Employers requiring in-office attendance to enforce hybrid work

'Fully remote is not acceptable anymore'

Employers requiring in-office attendance to enforce hybrid work

Employers are making in-office attendance compulsory to enforce their hybrid work policies as they grow concerned of productivity gains stemming from remote work, according to a new report.

A survey by JLL among over 20,000 office workers across the world revealed that 33% of the respondents said their employers have implemented some form of compulsory attendance in their organisation.

Major firms such as Amazon and Meta are among the employers that were previously reported to implement mandatory office attendance to make employees report on-site.

This comes amid a widespread push from employers across the world on office returns as the pandemic wanes - with JLL's report finding that 87% of employers are already encouraging office at least some of the time.

"Fully remote is not acceptable anymore," the report said, citing employers' perspectives.

Why bring back employees?

Having face-to-face collaboration emerged as the top reason by employers for encouraging their staff to work from the office, with 87% of the respondents citing this. Other reasons include:

  • Cultivating company culture (61%)
  • Potential productivity gains (51%)
  • Increased social connections (47%)
  • Ability to manage people (39%)
  • Increased innovation (32%)
  • Mentorship and development (32%)

According to the report, the findings indicate that employers are becoming more aware of the importance of working at the office after years of hybrid work.

"Employers associate on-site work with new benefits, beyond improving collaboration, social connection and cultural bonds; they see it as a significant contributor to employee productivity," the report said.

Employees' preference

But even with stronger encouragement from employers to return to the office, employees say they want to maintain flexibility while working.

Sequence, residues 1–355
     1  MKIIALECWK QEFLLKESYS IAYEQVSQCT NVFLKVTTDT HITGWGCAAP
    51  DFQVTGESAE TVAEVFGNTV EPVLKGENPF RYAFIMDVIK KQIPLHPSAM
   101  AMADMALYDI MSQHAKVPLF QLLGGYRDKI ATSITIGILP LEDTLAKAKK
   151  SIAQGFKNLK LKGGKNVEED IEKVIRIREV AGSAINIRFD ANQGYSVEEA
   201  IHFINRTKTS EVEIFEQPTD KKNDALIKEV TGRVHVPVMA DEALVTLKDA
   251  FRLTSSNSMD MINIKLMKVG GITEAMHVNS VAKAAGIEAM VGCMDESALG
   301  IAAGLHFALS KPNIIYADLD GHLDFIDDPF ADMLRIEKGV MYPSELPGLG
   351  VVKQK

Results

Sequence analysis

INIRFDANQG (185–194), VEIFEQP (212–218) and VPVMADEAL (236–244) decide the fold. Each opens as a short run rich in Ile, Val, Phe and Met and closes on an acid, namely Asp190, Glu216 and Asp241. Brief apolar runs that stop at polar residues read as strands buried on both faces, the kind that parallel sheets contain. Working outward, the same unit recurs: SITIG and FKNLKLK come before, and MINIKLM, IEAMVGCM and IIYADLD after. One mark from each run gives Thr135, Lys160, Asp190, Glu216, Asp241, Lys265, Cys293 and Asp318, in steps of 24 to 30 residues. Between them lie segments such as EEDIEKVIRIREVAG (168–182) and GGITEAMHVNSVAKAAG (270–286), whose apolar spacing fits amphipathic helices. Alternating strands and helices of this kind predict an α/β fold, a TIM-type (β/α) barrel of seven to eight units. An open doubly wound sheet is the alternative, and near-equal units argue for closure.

According to the report, they are already working an average of 3.1 days in the office, with strong preference to go to work on Tuesdays (54%), Wednesdays (49%), and Thursdays (49%).

Only 20% of employees remain fully remote or report two work for one or two days a week, much lower than the 39% recorded last year, according to the report.

Commuting time (59%) and cost (43%) are the biggest factors preventing employees from working in the office. Other reasons include:

  • Office timing conflicts (31%)
  • Noise levels (28%)
  • No flexibility in scheduling (24%)
  • No privacy for virtual calls (22%)
  • Food cost (22%)
  • Family responsibilities or commitments (18%)
  • No focused space (18%)

Arranging a successful hybrid setup

According to the report, employers with more successful hybrid work implementation know what drives performance in their organisation.

"They understand how physical space and employee expectations impact performance and productivity," the report said.

In implementing hybrid work, managers should also clarify with their employees when they are expected to be on-site.

"This is an opportunity for companies to define their approach to hybrid working and to adapt to each team's constraints and job functions alongside an individual's desire for flexibility," the report said.

Neil Murray, CEO, Work Dynamics for JLL, also underscored the importance of fostering dynamic spaces in implementing hybrid work.

"Ultimately, our research finds that the majority of global workers continue to crave a destination for human connection, so creating dynamic spaces that satisfy a mix of collaborative and focused work needs will ultimately be the most effective strategy to enticing employees to the office on a regular basis," Murray said in a statement.

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